Julia Vaughan Smith

Engaging with your healthy self during the pandemic

Since the social isolation started three weeks ago, I have observed my own survival parts activating as my autonomy and freedom is limited and I am physically isolated from those I love and care about. For many of us this stimulates our early trauma emotions which switches quickly to survival behaviour. I noticed this morning a sadness from grief: I could feel that sadness and loss, but I was also aware of a potential shift into survival self-pity.  Could I just allow the sadness to come and then go?

We will all have seen our own survival responses and those in the communities we are part of. Our rush to judgement, maybe, at those not ‘abiding by the rules’; being bad tempered and easily offended; being in ‘survival manager’, a form of control; denial; numbness, drinking more; or falling into a ‘victim attitude’.  Some people might have become addicted to social media or the news in an attempt to manage their fear, when often it does the opposite.

At the same time, there have been many examples of generosity of spirit, kindness and compassion and creative endeavour which come from a healthier place. For some, the enforced situation is bringing positive experiences of connection and slowing down. Families and work colleagues have found different ways to stay connected and look out for each other.

Some people might experience the trauma response of freeze and fragment in the ‘here and now’, particularly those who are critically ill. For most of us though, it is likely to bring re-traumatisation. The level of this will vary, depending on our current circumstance and our history. Our response is due to the level of actual risk to life (as perceived by our neuro-physiology) in the present plus that which is triggered from the ‘there and then’.

I have been thinking about the healthy self, how important it is that we are able to invoke that part within ourselves and how challenging that can be in stress-inducing circumstances. I was asked at one of the Masterclasses to say more about the healthy self, and I realised that I had been talking about it as an intellectual idea rather than an embodied sense of, and connection with, ourselves.  When we are in our ‘healthy self’ we have reduced our stress and anxiety levels, and through so doing we can find a place of safety within. Many of us have anxiety levels set at a high ‘normal’ rather than one which is congruent with feeling safe.

The healthy  self  is a place of grounded connection with our inner experience, where the data from our body can be accessed and processed by our frontal lobes, and where the responses of the ‘reptilian brain’ of fight, flight or freeze are not needed.  Of course, these responses are vital when we are in actual, immediate danger. However, when they are constantly being reactivated by retraumatisation rather than the ‘here and now’ they drive survival behaviour, which is not about living but surviving.   They are also damaging to our immune system, so at this particular time are very unhelpful to our protection.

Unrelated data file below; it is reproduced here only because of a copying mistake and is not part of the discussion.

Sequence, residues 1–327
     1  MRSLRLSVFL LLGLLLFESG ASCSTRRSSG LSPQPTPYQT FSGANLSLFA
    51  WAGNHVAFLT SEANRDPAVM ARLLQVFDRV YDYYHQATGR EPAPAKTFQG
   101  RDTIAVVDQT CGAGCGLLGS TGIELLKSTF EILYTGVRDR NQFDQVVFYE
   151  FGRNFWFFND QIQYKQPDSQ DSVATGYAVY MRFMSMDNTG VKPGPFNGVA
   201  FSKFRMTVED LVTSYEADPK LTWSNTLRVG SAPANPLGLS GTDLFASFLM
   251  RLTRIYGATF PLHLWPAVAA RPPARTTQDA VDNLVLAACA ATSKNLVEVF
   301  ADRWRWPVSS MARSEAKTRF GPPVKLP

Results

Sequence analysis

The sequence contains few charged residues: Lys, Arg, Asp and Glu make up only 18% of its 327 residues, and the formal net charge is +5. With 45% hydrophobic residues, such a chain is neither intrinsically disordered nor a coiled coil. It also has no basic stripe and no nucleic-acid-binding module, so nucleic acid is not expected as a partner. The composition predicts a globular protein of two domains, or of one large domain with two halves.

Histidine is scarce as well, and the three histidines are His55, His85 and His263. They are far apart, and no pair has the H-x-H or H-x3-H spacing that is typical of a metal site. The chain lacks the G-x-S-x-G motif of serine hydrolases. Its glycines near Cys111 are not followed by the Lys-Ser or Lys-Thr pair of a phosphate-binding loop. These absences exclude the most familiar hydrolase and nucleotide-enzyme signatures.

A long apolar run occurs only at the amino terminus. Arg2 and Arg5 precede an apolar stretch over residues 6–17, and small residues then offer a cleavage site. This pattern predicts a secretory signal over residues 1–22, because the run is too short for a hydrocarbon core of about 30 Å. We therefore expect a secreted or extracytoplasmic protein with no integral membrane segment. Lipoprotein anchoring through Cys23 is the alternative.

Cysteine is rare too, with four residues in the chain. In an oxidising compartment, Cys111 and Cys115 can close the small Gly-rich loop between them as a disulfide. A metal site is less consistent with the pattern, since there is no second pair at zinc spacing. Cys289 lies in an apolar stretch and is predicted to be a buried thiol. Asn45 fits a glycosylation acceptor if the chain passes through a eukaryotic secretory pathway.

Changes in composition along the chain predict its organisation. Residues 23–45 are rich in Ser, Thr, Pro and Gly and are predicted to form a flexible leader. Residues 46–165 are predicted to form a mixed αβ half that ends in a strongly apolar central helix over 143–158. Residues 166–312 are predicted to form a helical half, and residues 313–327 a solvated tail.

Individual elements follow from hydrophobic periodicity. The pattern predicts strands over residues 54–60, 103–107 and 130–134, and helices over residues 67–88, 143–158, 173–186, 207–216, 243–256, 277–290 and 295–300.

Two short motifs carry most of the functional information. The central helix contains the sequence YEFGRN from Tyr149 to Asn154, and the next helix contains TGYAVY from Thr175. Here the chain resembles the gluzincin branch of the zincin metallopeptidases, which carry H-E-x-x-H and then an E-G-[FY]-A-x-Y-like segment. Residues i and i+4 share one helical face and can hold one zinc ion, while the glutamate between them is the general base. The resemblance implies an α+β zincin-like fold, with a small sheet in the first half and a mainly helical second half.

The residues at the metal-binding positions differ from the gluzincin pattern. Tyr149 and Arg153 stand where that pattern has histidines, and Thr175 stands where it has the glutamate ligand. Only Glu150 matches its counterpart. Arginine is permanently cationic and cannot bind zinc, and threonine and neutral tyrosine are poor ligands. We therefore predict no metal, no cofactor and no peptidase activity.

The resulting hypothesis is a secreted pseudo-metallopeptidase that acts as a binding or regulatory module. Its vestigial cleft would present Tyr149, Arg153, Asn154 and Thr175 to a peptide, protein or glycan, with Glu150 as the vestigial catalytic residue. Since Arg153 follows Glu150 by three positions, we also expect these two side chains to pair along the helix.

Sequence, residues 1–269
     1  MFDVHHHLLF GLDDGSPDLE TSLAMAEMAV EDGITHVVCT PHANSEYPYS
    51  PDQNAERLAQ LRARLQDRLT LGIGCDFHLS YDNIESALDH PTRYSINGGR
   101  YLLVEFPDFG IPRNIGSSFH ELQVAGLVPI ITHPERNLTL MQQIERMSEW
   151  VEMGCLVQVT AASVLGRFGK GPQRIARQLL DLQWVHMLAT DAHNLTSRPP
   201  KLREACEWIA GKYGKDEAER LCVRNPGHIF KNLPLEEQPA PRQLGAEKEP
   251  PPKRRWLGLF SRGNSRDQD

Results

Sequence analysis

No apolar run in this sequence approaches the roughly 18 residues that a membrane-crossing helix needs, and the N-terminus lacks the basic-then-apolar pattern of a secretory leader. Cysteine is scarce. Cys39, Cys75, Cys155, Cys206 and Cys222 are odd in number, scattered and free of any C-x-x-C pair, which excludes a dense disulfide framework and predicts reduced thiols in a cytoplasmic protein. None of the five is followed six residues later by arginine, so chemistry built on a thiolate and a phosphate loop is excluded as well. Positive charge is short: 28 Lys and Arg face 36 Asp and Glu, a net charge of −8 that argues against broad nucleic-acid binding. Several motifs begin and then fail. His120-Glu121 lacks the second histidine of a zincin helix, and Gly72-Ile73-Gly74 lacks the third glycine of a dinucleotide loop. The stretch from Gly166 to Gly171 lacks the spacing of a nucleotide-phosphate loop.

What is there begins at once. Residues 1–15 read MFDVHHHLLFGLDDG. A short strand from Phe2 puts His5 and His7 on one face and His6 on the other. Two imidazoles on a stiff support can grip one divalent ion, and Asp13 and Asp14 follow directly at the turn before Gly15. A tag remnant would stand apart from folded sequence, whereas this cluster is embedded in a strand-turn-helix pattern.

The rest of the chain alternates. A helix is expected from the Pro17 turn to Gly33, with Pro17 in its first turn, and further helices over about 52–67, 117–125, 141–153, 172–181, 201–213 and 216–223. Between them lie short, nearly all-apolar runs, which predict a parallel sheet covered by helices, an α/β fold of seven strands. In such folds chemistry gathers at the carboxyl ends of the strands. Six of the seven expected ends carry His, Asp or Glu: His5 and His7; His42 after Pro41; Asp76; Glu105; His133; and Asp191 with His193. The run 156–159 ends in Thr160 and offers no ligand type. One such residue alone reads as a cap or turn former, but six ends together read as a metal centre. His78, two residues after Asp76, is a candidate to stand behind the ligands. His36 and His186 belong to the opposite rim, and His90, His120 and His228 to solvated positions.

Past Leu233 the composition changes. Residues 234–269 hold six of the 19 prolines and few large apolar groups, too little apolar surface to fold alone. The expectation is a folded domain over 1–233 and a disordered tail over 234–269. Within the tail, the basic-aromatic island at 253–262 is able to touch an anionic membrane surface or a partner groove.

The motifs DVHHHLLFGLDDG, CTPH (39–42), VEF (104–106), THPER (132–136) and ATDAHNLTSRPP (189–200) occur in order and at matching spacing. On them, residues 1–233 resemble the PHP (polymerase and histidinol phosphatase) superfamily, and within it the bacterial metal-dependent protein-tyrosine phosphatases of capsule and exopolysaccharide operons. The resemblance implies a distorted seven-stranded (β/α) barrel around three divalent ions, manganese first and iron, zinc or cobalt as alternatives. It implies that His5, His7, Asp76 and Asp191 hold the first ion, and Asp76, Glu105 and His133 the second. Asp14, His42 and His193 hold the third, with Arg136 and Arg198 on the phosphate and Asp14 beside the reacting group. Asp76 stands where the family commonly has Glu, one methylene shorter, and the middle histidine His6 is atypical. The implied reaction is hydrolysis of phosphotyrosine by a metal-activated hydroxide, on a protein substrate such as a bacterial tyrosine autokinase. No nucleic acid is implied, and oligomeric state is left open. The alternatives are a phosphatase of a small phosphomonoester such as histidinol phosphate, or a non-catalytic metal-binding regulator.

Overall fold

This connection with the healthy self , via self-regulation, needs regular practise using techniques or processes which bring us into that state of calm connection with ourself. We are so used to flipping from trauma pain into survival responses that we need to practise being able to connect with a different part of ourselves that can bear and process the pain.

When we are in a calm, grounded state we can sue the reflective capacity of the human brain to enquire into our felt experience. Having ‘a practice’ to develop this ability, means using deep breathing techniques, mindfulness, meditation, listening to music, reflective journaling and similar approaches to calming the anxiety and connecting with an internal sense of safety.

Any approach we use needs to result in  a connection with our body and our internal experience, and to shut down the ongoing chatter in our brain. In our healthy self we can be aware of what we are feeling, for example my sadness this morning, and allow it to exist. We don’t need to push it away or block it out with activity or distraction. We can welcome it and allow it to go when we have acknowledged it. We can feel into our body, and explore which parts feel strong and which parts feel more vulnerable? We can note those without taking action. Some might then make  an image that captures this experience or comes to us as we breathe deeply.  We can reflectively explore that image to arrive at some understanding of what is going on for us.

Some approaches  may be more difficult at this time, for example, contemplative walking or spending a lot of time in nature. However,  rather than become angry or turn to a ‘victim-attitude’, we can find other approaches or ways to get a similar experience.  We are resourceful, we can find ways and practise them regularly during during each day to practise self-regulation and connection with the healthy self.  We don’t need to spend a lot of time but enough to build up our ability to reconnect with ourselves in this strange and demanding time.

As coaches, if we can do this, we can also be more available to our clients and help them find that place of inner safety too.


Jules Vaughan Smith

April 2020